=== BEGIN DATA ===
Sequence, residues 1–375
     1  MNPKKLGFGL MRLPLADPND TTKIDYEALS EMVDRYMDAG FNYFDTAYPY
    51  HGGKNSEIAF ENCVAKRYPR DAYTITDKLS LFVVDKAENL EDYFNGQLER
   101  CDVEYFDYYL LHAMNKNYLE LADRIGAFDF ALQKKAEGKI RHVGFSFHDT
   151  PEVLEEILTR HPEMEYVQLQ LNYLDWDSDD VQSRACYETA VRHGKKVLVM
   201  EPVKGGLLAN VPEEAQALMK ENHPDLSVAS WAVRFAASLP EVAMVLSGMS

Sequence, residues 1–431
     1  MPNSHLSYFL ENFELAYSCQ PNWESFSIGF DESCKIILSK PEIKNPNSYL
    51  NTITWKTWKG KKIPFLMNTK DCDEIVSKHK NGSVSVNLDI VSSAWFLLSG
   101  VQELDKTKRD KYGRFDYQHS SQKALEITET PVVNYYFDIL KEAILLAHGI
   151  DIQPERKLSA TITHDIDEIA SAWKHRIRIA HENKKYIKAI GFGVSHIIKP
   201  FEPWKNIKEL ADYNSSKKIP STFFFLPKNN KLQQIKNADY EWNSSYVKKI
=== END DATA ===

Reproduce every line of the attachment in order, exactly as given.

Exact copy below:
Sequence, residues 1–375
     1  MNPKKLGFGL MRLPLADPND TTKIDYEALS EMVDRYMDAG FNYFDTAYPY
    51  HGGKNSEIAF ENCVAKRYPR DAYTITDKLS LFVVDKAENL EDYFNGQLER
   101  CDVEYFDYYL LHAMNKNYLE LADRIGAFDF ALQKKAEGKI RHVGFSFHDT
   151  PEVLEEILTR HPEMEYVQLQ LNYLDWDSDD VQSRACYETA VRHGKKVLVM
   201  EPVKGGLLAN VPEEAQALMK ENHPDLSVAS WAVRFAASLP EVAMVLSGMS

Sequence, residues 1–431
     1  MPNSHLSYFL ENFELAYSCQ PNWESFSIGF DESCKIILSK PEIKNPNSYL
    51  NTITWKTWKG KKIPFLMNTK DCDEIVSKHK NGSVSVNLDI VSSAWFLLSG
   101  VQELDKTKRD KYGRFDYQHS SQKALEITET PVVNYYFDIL KEAILLAHGI
   151  DIQPERKLSA TITHDIDEIA SAWKHRIRIA HENKKYIKAI GFGVSHIIKP
   201  FEPWKNIKEL ADYNSSKKIP STFFFLPKNN KLQQIKNADY EWNSSYVKKI